Today’s world seems to be supremely characterised by division: between religions, between races, between rich and poor, between old and young, between wealthy Europeans and the dozens of desperate migrants who risk, and often lose, their lives in an attempt to cross the Mediterranean barriers of opportunity.  Yet here, in the anonymity of a modern airport, the divisions are temporarily levelled.  The marine biologist, the charity worker, the businessman – all are rendered briefly equal.  As Pakistanis say, “hum sub insan hain” – we are all people.  And all the people go about their life’s journey, as we always do, and as we must.

Damascus: the Jupiter temple (III A.C.) in front of Omayyad mosque

Back in 2007 I went to Syria and Jordan on holiday.  I flew with a friend to Damascus, travelled to Hama and Homs, visited the astonishing Crusader castle of Krak des Chevaliers, and wandered around the old city of Damascus with my jaw hanging down.  I had long been interested in Byzantine history and the history of the Middle East and the experience of seeing everything first hand was unforgettable.  We walked, took buses, ate in local restaurants, drank mint tea, and gaped at such a remarkable and historic country.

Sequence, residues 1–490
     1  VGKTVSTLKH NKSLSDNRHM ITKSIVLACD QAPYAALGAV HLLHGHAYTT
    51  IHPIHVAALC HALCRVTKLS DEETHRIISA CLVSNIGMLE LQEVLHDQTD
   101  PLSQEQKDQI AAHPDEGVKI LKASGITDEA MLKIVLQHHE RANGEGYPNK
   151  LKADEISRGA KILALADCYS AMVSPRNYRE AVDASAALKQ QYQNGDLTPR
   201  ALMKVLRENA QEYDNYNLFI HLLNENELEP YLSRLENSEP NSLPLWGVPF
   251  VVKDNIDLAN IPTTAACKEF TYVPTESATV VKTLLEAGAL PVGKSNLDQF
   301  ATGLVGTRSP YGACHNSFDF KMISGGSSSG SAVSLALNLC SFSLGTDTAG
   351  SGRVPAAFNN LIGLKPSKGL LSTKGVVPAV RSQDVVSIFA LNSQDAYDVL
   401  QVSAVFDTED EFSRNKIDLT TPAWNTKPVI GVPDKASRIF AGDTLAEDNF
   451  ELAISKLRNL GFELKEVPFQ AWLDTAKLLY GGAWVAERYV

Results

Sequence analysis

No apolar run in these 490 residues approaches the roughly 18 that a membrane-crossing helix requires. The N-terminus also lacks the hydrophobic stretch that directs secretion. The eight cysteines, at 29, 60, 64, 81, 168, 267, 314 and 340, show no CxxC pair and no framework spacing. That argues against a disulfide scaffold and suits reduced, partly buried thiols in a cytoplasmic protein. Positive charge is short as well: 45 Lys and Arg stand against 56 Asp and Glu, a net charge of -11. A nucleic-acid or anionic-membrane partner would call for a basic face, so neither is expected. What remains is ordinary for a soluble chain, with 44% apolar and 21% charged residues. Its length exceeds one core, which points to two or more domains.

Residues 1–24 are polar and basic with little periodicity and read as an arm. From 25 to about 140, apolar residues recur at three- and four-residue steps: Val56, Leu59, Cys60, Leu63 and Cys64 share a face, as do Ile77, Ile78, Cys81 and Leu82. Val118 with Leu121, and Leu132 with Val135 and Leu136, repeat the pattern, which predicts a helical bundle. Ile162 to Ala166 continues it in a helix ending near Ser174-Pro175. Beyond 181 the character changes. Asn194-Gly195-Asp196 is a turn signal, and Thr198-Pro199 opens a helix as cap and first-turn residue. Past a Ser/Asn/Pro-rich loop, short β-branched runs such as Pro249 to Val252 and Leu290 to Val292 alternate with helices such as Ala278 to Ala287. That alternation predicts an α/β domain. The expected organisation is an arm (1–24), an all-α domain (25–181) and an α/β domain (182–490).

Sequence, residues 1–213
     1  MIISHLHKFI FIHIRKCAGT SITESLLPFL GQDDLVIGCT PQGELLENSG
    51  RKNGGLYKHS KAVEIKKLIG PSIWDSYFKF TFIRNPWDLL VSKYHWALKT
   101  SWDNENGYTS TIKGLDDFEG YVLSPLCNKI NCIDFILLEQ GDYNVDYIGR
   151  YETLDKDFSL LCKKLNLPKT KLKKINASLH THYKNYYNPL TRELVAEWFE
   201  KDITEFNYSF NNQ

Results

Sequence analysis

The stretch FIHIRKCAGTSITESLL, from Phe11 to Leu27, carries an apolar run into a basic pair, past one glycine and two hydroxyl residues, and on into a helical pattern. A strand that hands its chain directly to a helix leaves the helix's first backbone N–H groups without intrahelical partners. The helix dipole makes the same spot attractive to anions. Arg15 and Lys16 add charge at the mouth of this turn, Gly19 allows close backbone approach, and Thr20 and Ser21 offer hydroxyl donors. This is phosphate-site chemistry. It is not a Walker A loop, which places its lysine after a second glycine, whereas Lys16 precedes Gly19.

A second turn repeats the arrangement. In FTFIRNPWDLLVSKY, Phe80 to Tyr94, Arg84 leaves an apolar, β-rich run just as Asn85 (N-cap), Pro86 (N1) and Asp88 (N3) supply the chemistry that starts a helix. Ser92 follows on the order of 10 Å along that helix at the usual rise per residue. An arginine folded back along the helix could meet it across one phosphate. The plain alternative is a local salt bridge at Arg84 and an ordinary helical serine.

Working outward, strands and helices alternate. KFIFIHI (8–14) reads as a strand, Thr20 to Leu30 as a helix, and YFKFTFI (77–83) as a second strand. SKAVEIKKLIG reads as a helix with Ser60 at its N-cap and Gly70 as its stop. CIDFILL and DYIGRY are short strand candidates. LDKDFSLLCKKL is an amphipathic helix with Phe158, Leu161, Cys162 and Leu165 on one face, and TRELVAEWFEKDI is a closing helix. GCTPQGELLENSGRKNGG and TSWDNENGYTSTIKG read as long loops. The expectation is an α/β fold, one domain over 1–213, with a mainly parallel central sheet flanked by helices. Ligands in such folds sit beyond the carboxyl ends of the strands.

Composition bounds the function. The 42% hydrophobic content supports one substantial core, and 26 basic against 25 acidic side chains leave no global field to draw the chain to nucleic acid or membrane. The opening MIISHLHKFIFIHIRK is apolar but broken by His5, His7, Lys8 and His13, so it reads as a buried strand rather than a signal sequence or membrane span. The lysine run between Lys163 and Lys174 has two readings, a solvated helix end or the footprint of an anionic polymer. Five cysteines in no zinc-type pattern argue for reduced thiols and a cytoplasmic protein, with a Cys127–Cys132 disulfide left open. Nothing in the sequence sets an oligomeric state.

What struck me most was the hospitality with which we were greeted.  That trip probably marked the beginning of my love affair with the Islamic world.  Even in 2007 Syria was reckoned, at least in the West, to be a dangerous and hostile place – not quite noxious enough for Bush to include it in his notorious “Axis of Evil” speech but certainly worthy of an Honourable Mention.  The reality we encountered was entirely different.  On our first night we stayed at a Catholic guest-house run by nuns – and quite openly too, there being little to no hostility between Syrian Muslims and Christians.  Armenian and Orthodox churches were everywhere.  We walked down Straight Street in Damascus, site of St Paul’s historic meeting with Ananias, and were greeted warmly and with no fear whatsoever.  We visited Christian monasteries which didn’t even bother to post security guards at the gate.  Everyone we met was kind to us.